Thursday, December 08, 2005


Why the U.S. automobile industry is slumping...

Some people are wondering why the U.S. auto industry is having a hard time. Even after layoffs, quality improvements, and fresh designs, they still seem to have difficulty making ends meet...

I'll give a couple factors:
Quality Perception

Part of this problem is a holdover from the 1980's. Wage pressures caused U.S. automakers to skimp on materials and cut costs on the vendor side. Automation used to reduce other production costs also caused engineers to design things that robots could stamp together quickly, rather than something that would hold up well under use. Even if the fit and finish was rather nice at the beginning, it would tend to degrade rapidly as fasteners would loosen and inferior plastics would stretch or become brittle making things rattle. The other part is that competitors are working hard to stay ahead, even as "american" companies are improving. The sting of inferior quality remains with consumers for a long time, and it doesn't help even as the manufacturers are actually doing their part to remedy the problem.

Lack of Innovation

There used to some strict government standards and consumer demands that created strong technical innovation from U.S. makers. With the rollback of higher standards such as Z.E.V. and stagnation of EPA C.A.F.E. requirements, U.S. manufacturers are failing to innovate as they once did. Meanwhile foreign competitors are already moving on to implementing actual hybrid technology and not just talking about it. Opportunities exist to make 40MPG the standard rather than what is currently considered good at 30MPG. Cylinder deactivation technology being tauted as "new" is actually a fallback to an older attempt at an idea once tried in the early 1980's. It is a good thing, as modern engine management systems now succeed where past ones have failed. But it's still not moving the technology forward as fast as it could go. Also, there is a fear of trusting fully electric systems for propulsion. They're simple, reliable (maintenance on powertrain is virtually nil compared to internal combustion), and produce no emissions. Batteries, although they are a potential hazmat issue, often can be recycled in full which neutralizes that negative environmental aspect. The concern about displaced emissions in power production for such vehicles can be eliminated entirely by using "green" generation sources such as wind turbines or solar. Range is not the issue american manufacturers make it out to be, as many people often commute less than 100mi per day. Consumer education about daily recharging of such electric vehicles should make it clear that they are suitable for regular commuting. U.S. automotive companies had the opportunity to be the leader in electric commuter vehicles, but disposed of it completely with California's withdrawal of Z.E.V. requirements. Unfortunately, this is likely an opportunity to give foreign makers an opportunity to get ahead as Z.E.V. will likely become mandatory in places like China or India where population and environmental pressures demand it. (Once they fully realize what pollution sources limit productivity in dense population areas, you can bet cars will be near the the top of the list in being regulated.) When full electric vehicles are reintroduced to the U.S. market, the U.S. auto companies will once again be behind.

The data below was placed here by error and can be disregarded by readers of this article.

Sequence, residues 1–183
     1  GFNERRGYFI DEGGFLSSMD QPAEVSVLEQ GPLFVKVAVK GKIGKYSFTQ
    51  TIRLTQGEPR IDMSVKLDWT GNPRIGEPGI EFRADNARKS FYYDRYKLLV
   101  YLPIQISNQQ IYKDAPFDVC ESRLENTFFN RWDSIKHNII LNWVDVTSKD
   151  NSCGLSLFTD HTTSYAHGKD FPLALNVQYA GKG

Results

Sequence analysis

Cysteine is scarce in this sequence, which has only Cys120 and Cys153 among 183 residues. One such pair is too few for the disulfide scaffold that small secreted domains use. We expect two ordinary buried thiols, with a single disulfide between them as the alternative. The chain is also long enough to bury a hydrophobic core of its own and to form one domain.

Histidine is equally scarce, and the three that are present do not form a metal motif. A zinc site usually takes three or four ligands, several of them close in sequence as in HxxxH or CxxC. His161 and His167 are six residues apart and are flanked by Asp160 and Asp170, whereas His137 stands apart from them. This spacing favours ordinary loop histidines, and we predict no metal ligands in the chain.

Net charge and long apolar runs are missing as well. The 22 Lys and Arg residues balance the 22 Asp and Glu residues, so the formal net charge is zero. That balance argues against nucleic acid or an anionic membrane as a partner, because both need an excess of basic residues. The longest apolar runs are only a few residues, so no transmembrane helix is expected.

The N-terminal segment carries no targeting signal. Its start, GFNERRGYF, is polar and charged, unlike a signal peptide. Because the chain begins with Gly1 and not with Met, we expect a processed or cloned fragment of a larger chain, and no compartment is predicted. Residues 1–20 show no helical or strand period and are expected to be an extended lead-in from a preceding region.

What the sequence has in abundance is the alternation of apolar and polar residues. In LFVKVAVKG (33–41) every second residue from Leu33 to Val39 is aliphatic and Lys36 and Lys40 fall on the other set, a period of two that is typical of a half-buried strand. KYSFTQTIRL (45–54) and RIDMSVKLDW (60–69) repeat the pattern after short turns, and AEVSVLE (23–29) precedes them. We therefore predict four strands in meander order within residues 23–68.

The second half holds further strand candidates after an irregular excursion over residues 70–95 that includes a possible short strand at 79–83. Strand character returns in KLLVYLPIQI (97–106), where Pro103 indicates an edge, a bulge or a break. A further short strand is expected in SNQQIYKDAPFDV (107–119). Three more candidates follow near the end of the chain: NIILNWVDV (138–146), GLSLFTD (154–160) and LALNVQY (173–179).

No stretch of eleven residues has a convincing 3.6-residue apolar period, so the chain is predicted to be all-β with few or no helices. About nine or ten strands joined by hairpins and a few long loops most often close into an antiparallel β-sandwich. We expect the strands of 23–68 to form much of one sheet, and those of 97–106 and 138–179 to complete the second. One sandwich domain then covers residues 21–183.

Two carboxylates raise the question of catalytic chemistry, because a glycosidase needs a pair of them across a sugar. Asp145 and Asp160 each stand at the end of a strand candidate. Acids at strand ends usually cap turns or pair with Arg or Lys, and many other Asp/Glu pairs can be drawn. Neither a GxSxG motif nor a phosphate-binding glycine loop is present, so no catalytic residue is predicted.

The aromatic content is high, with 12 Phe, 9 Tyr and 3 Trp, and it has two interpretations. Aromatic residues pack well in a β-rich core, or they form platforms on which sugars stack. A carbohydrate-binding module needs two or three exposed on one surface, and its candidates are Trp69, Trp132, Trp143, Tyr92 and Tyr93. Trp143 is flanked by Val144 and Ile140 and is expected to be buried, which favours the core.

"McJobbing" of U.S.A.

The U.S. auto industry is suffering from a pinch point of economic pressures in the United States. Productivity is absolutely not the issue, as productivity can be outsourced, but existing U.S. automobile factories are more than capable of meeting production demands. Frankly, consumers are demanding a quality level that cannot be outsourced. Disposable goods can easily be outsourced, but long-term items require quality control that cannot be easily achieved by such methods. Getting over the quality perception hump is a big enough issue that cannot be risked against the introduction of real defects.
With quality manufacturing comes wage pressures such as union labor, pensions, and cost of living adjustments. Workers can and have made concessions to some degree, but it is still not possible to achieve marketable quality below a certain price point.
Unfortunately there's the price pinch from the sales end that comes with this demand for quality. The american job market has gone into the shitter as some would say. Sure, employment supposedly has made some gains - but guess what? It means doodly-squat if the per-capita income level is going downward. People may be working, but they have less disposable income available. It's funny how economists are confused by this even as they say that the stock market is doing well. It might be good for makers of short lived items that can be bought at Wallmart, but industries producing products producing high value or long term items are going to be hit hard by this economic trend. This is probably the same reason why the housing market may be overdue to bust in some areas. People can only work so hard to make ends meet before certain quality of life issues rear their head. Anyhow to balance the U.S. economy and maintain manufacturing and technical ability in the U.S. there will need to be a shift of perception from productivity to quality. Until that is done, the absurd market trend will continue and the U.S. will lose competency in what might be considered core strategic and economic capabilities.

And you've heard it here folks. Some average guy. Not an economist or anything like that, but a graphic artist. Just saying it how I see it.

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